A recent state-by-state analysis from the Bipartisan Policy Center (BPC) ranks Louisiana’s early childhood education system as eighth best in the nation.
In 2017, two former members of Congress co-chaired the BPC’s Early Childhood Initiative, Rep. George Miller, D-California, and Sen. Rick Santorum, R-Pennsylvania, arguing that “few policy challenges are more important to our nation’s future than helping all American children get the strong start they need.”
They published “A Bipartisan Case for Early Childhood Development,” arguing that young children having access to quality care before they enter school helps better prepare them in all areas of life.
According to the BPC report, Louisiana’s early childhood programs rank eighth in the nation for having created an integrated, efficient, early care and education system that supports children and families.
BPC notes that policymakers have significantly increased federal funding for early care and education (ECE) through the federal Child Care and Development Block Grant (CCDBG) program. The program offers grants to states to provide childcare for low-income families.
Congress appropriated nearly double the amount for the Child Care and Development Fund (CCDF) from $5.8 billion in 2017 to $8.1 billion in 2018. It also increased funding for other major ECE programs, including Head Start and Early Head Start in 2018.
“While these increases are historic, the need for ECE programs still outpaces the funding,” the report notes.
In light of the federal funding growth, BPC evaluated all 50 states and the District of Columbia’s organization and administration of early childhood education programs, including programs funded by federal appropriations and state-funded Pre-Kindergarten (Pre-K) and preschool programs. It ranked them according to several metrics, including their relative success in consolidating program administration, establishing advisory councils, implementing quality measures, and deploying available funds.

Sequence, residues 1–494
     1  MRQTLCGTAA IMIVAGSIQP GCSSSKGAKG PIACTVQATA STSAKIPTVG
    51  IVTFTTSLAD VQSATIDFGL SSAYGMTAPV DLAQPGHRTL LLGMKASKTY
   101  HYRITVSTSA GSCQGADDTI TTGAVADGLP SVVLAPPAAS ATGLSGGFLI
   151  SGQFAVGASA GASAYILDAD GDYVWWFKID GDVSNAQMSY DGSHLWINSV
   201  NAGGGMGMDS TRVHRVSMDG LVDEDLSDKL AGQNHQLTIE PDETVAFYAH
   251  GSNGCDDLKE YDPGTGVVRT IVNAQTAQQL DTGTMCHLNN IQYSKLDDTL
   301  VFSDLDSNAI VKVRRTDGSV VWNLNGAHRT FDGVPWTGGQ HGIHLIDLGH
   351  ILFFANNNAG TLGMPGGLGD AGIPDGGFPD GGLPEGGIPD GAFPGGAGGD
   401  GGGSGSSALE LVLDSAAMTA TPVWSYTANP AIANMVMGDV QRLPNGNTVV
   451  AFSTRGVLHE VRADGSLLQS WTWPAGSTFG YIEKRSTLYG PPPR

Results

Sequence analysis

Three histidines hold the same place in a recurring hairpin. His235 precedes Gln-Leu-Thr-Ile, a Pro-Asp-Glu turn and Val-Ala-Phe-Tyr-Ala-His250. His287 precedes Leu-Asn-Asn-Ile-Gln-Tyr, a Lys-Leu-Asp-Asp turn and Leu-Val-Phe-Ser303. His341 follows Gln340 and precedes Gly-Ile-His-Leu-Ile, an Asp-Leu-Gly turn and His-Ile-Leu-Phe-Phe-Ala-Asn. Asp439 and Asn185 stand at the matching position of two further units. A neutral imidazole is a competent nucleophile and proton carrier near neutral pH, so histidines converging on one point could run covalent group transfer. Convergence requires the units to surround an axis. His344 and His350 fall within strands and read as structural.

“States generally have wide latitude in the way they choose to organize, manage, and fund [early childhood education] programs on the ground,” the report states. “Better program integration and coordination at the state level is thus important, not only because it promotes the efficient use of public funds but also because it bears directly on families’ ability to access the resources they need.”
Louisiana drew down 100 percent of federal childcare funds, the report notes, receiving a score of 47, above the average score of 35.
BPC highlighted Louisiana’s Quality Rating and Improvement System (QRIS) as a model to emulate. It is mandatory for providers that receive the federal subsidy, and has proven to help ensure quality of care for all children.
It also highlighted Louisiana’s management of five programs within one agency. By streamlining efforts, BPC argues the Pelican State improved efficiency and allowed for “better alignment of eligibility and monitoring requirements and quality improvement activities.” The five programs serving children include the Child Care and Development Fund, Head Start Collaboration Office, state Pre-K, Child and Adult Care Food Program, and IDEA Part B, Section 619.
“In recent years, Louisiana has worked diligently to coordinate its early childhood education system to better serve children and families,” Sydni Dunn, a spokesperson for the state Department of Education told Watchdog.org. “The report and state ranking released by the Bipartisan Policy Center validates those efforts.”
BPC reviewed publicly available data from the U.S. Department of Health and Human Services, state and program websites, and collaborated with all 50 states and the District of Columbia to verify information about their respective approaches to organization and administration of ECE programs.
This article was first published by Watchdog.org.